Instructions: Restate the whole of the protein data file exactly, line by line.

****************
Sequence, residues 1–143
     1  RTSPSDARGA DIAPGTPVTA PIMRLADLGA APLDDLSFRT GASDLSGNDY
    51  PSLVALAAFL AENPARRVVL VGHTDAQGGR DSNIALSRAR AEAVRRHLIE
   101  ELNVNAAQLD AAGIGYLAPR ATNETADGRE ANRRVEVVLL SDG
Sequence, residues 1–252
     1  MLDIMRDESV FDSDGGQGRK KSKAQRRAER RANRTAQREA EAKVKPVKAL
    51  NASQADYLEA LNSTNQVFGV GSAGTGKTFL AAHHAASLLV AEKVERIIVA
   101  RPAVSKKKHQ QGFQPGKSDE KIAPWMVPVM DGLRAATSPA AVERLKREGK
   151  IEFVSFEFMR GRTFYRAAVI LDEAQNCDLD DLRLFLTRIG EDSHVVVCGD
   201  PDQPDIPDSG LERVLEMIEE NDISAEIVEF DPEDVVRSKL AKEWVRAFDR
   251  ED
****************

Sequence, residues 1–143
     1  RTSPSDARGA DIAPGTPVTA PIMRLADLGA APLDDLSFRT GASDLSGNDY
    51  PSLVALAAFL AENPARRVVL VGHTDAQGGR DSNIALSRAR AEAVRRHLIE
   101  ELNVNAAQLD AAGIGYLAPR ATNETADGRE ANRRVEVVLL SDG
Sequence, residues 1–252
     1  MLDIMRDESV FDSDGGQGRK KSKAQRRAER RANRTAQREA EAKVKPVKAL
    51  NASQADYLEA LNSTNQVFGV GSAGTGKTFL AAHHAASLLV AEKVERIIVA
   101  RPAVSKKKHQ QGFQPGKSDE KIAPWMVPVM DGLRAATSPA AVERLKREGK
   151  IEFVSFEFMR GRTFYRAAVI LDEAQNCDLD DLRLFLTRIG EDSHVVVCGD
   201  PDQPDIPDSG LERVLEMIEE NDISAEIVEF DPEDVVRSKL AKEWVRAFDR
   251  ED